As Nigeria joins the rest of the world to commemorate the second year of adoption of the Sustainable Development Goals (SDGs), civil society organisations in Nigeria are calling on the Federal, State and Local Governments to act on the SDGs.
It has been two years since September 25, 2015, when the Nigerian Government joined other United Nations world leaders to agree to a definitive plan for the planet and its people by adopting the Agenda 2030 and the 17 Goals.
The SDGs are a universal call to action to end poverty, protect the planet and ensure that all people enjoy peace and prosperity by 2030. In different parts of the country civil society organisations are organising events from Lagos to Benue, to Bayelsa and Abuja to mark the second anniversary.
According to the Executive Director, Nigeria Network of NGOs, Mr. Oyebisi B. Oluseyi, â€œCitizens across the country are calling attention to the many forms of inequalities everywhere/
â€œIf our governments (at all levels) donâ€™t act in time, we stand the chance of not meeting the goals and our growing pains — disparities in the incomes of the poor and the wealthy, limited access to education, health and basic social services, increasing vulnerabilities of the poorest to human-induced climate change and disasters, and the growing repression of human rights and civic participation would have exacerbated.â€
â€œOur celebration of the 2nd anniversary of the SDGs is with mixed feelings; we are glad that two years ago the world came together to care for people and the planet. It is however worrying that between then and now we have as a country witnessed increased social injustice with more people going hungry. With an estimated 184 million inhabitants in Nigeria, 112 million of these live below the poverty line; this is unacceptable and it calls for urgent action on the part of our government.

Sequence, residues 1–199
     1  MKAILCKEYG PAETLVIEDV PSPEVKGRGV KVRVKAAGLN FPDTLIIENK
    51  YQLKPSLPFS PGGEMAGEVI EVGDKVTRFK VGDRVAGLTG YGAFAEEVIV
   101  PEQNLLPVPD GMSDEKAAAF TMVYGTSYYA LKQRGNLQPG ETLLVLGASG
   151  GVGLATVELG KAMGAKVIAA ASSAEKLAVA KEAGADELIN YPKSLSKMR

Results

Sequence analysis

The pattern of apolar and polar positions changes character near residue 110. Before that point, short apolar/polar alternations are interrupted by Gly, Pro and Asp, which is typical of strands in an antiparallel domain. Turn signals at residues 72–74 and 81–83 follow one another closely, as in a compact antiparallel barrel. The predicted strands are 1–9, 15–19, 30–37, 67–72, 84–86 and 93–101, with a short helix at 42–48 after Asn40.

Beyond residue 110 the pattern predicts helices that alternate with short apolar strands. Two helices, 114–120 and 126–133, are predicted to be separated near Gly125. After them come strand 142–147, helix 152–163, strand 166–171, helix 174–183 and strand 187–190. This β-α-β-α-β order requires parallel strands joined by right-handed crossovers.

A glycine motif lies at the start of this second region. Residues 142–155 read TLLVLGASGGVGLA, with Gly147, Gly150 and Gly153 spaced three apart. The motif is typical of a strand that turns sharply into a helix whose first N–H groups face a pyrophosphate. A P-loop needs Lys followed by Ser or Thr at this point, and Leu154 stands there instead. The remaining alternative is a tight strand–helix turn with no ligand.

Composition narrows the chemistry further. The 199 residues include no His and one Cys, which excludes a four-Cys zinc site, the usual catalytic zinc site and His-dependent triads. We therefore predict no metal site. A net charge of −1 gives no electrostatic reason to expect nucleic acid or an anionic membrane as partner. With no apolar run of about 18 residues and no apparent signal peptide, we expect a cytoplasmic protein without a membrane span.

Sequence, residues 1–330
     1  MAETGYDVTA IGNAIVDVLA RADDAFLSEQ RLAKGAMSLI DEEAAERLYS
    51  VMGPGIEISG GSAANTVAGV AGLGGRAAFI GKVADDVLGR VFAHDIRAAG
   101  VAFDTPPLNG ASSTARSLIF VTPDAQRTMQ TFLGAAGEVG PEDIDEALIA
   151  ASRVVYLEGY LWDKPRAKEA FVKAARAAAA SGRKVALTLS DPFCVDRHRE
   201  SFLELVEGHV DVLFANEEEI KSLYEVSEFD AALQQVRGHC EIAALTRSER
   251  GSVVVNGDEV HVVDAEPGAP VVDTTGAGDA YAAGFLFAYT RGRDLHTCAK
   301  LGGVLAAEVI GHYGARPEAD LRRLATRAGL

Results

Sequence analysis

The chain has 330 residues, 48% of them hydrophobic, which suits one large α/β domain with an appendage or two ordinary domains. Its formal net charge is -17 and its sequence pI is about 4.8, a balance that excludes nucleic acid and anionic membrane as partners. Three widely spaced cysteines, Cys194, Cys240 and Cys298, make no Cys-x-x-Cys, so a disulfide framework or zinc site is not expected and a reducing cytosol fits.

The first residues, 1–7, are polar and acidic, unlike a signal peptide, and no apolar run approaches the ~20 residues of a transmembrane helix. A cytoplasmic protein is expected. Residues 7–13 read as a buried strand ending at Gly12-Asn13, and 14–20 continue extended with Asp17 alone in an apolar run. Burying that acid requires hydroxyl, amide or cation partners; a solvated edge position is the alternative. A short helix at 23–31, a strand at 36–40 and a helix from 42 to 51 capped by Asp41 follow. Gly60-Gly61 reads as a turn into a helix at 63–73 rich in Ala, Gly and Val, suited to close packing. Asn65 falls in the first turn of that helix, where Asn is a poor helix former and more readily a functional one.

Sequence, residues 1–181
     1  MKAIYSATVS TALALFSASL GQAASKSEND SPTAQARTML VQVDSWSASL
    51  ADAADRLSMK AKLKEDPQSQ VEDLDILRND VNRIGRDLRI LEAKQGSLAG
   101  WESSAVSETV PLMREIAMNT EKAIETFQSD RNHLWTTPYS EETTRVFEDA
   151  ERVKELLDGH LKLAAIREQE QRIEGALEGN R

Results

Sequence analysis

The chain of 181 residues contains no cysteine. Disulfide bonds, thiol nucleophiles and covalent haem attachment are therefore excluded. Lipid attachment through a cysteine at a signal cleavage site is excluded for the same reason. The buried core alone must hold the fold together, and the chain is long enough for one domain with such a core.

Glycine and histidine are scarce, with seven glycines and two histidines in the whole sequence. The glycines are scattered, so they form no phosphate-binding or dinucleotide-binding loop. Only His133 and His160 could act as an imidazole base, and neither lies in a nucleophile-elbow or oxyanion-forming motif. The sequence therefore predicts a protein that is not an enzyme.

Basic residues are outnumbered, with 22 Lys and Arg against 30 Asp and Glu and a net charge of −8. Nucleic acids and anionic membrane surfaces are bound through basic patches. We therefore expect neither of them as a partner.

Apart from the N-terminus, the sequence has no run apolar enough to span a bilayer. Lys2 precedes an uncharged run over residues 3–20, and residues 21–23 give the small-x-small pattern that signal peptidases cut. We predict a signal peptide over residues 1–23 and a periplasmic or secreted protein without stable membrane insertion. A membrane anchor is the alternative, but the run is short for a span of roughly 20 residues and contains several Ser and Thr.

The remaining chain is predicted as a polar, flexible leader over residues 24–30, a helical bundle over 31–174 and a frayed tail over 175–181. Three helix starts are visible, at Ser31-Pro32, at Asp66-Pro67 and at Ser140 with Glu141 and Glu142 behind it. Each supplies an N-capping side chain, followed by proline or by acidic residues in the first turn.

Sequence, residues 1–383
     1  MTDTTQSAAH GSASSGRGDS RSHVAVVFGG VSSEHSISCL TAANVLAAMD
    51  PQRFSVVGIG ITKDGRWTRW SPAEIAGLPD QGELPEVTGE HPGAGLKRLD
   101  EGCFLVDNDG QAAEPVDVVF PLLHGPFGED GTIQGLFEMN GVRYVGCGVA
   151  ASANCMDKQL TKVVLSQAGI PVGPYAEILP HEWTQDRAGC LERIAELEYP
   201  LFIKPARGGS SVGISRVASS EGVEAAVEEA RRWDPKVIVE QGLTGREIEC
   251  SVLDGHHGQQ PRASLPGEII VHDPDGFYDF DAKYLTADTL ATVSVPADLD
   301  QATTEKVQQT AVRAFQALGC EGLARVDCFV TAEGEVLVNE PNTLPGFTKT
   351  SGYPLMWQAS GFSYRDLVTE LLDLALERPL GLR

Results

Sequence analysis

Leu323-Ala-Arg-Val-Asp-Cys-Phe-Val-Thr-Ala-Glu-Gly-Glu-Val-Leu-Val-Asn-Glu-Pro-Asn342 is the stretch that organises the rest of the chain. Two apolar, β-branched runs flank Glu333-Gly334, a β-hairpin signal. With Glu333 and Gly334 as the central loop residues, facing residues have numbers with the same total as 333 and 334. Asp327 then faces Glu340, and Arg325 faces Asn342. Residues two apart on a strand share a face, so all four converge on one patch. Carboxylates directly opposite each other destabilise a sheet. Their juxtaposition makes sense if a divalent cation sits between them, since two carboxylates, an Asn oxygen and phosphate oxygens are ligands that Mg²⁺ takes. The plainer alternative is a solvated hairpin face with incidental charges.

â€œNow is the time to break the cycle of poverty in our land! As President Muhammadu Buhari returns from the UN General Assembly, we want to share our concerns with him and to remind him of the urgent need to accelerate action on the implementation of the SDGs in Nigeria.
â€œWe need action at all levels. First, we need to increase awareness, then public policies that create real changes to reduce inequalities in and between states. We must also change production and consumption patterns, in order to make development sustainable for the environment and for people.
â€œWhile the Federal Government is to be commended for its social protection programme and the adoption of the national social protection policy, we hope that the programme will cover all sections of the population in need of this. With the Governmentâ€™s effort in raising revenue through taxes, we recommend fair and equitable tax system that is people-centered and devoid of multiple taxation.
â€œWomenâ€™s and girlsâ€™ rights is an important first as we move to attain the SDGs, this is the bedrock of our national development. Freedom of civil society and political participation is a critical foundation to the stakeholder partnership that is needed to attain the ambitious Agenda 2030. A shrinking civic space is bad for developmentâ€, Oluseyi added.
On his own part, Director, Justice Development and Peace Commission, Ijebu Ode, Rev. Father John Patrick, said, â€œWe remain concerned about the growing threat to the nationâ€™s peaceful co-existenceâ€. He urged all â€œas citizens to cultivate the culture of living together in unity as there is no development without peace; there is no peace without development. Now is the time to walk the talk! Letâ€™s act together!â€